Chechetkin v Payward Ltd & Others
Key Contact: Aisha Wardell
Author: Martin Cox
Martin Cox tackles the significance of the recent High Court ruling in Chechetkin v Payward Ltd & Ors, where the defendants’ Part 11 CPR application was given a red card – the High Court deciding that the existence of an arbitration award, including one stating that the arbitrator has jurisdiction, does not typically strip the English and Welsh courts of jurisdiction. In other words, the courts retain the power to hear such cases.
In the case of Chechetkin v Payward Ltd and others  EWHC 3057 (Ch), the claimant was successful in defeating the defendants’ argument that the English and Welsh courts should not have jurisdiction over the claimant’s claims against them. This was despite the following:
- The claimant had accepted the defendants’ terms and conditions, which included an agreement to arbitrate disputes arising from the terms or the claimant’s use of the defendants’ services in San Francisco, California, under the JAMS arbitration rules.
- The Californian-based arbitrator had already made both a partial and final award against the claimant, finding that she had jurisdiction to hear the arbitration and that the defendants owed no liability to the claimant.
The decision is a reminder to companies that rely on standard terms and conditions with UK-based consumers that mandate arbitration of disputes overseas. Even a final arbitration award in their favour may not necessarily be the end of the matter, as separate court claims can still be brought in a different jurisdiction (even if the claimant may well face an uphill battle in succeeding in that court-based claim).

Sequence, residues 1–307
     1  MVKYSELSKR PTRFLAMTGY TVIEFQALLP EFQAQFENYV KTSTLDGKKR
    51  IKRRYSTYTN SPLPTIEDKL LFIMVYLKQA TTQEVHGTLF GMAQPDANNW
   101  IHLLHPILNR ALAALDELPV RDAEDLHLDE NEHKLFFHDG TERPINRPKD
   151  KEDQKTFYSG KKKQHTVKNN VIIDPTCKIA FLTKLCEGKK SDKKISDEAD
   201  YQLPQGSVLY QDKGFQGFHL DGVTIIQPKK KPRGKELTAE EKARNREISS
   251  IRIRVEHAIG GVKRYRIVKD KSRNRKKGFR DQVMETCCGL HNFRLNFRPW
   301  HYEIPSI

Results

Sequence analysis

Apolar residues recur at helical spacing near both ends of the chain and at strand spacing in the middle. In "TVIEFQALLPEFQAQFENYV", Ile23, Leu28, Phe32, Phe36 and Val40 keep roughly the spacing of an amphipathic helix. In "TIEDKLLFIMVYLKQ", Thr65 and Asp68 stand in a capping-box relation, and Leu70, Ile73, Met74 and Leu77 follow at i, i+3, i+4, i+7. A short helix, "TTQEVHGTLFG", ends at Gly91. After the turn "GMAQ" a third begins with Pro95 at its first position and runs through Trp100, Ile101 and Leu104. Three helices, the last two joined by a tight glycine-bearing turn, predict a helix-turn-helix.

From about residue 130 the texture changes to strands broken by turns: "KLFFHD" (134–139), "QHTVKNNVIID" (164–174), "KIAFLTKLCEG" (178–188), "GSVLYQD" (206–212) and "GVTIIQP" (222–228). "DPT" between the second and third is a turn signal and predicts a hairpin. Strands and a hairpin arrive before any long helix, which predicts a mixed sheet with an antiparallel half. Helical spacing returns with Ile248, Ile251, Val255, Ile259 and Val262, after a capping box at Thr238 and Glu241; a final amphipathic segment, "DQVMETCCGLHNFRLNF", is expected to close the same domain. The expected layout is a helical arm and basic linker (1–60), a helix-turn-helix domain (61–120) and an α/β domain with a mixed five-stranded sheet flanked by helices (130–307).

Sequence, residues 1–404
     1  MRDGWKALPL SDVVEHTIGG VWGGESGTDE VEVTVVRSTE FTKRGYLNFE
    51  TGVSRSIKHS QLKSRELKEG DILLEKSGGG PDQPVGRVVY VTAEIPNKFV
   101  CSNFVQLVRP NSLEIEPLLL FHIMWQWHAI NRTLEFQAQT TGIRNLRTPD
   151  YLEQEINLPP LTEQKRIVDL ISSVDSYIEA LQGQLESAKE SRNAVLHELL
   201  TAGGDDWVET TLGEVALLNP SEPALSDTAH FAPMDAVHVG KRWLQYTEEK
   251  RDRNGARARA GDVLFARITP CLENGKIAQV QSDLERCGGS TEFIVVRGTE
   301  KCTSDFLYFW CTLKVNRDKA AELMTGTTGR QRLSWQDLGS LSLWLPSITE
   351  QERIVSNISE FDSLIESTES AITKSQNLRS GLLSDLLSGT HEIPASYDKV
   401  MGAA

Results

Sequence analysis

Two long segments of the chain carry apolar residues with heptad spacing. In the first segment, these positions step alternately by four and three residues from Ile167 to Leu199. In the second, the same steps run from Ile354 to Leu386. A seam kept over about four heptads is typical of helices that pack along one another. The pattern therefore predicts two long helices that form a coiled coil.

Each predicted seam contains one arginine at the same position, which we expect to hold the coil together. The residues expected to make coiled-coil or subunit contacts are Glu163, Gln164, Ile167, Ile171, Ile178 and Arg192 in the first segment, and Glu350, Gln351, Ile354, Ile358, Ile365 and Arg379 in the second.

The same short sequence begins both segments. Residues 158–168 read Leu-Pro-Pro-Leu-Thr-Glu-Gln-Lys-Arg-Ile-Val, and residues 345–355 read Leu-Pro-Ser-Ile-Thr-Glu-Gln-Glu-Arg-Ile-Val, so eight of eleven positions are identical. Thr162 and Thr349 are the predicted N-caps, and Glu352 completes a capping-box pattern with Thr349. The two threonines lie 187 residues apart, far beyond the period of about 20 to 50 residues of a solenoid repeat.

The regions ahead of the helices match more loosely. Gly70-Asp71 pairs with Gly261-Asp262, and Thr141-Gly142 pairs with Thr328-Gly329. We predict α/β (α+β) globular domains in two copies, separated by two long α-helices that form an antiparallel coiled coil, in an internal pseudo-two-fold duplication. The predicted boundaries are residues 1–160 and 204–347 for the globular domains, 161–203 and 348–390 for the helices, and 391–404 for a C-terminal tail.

In this case, the claimant, a lay crypto trader who had also brought a separate claim in the High Court against the defendant cryptocurrency platform provider under the Financial Services and Markets Act 2000, successfully argued that his case fell under s.15B of the Civil Jurisdiction and Judgments Act 1982. This was because the proceedings related to a consumer contract where the consumer was domiciled in the UK, meaning that the mandatory arbitration requirements and exclusive jurisdiction clauses of the defendants’ terms and conditions were overruled. The High Court, therefore, had jurisdiction to hear the claimant’s claim.
The claimant also defeated the defendants’ argument that s.101 of the Arbitration Act 1996 (concerning the recognition and enforcement of New York Convention awards), coupled with the existence of both a partial and final award against the claimant in the Californian arbitration, meant that the High Court should decline jurisdiction. Mr Justice Miles offered six different reasons why he was not persuaded by this argument, concluding that the existence of an arbitration award, including one stating that the arbitrator has jurisdiction, does not generally deprive the English and Welsh courts of jurisdiction.
For further information on the issues discussed in this article, please get in touch with our Litigation Team.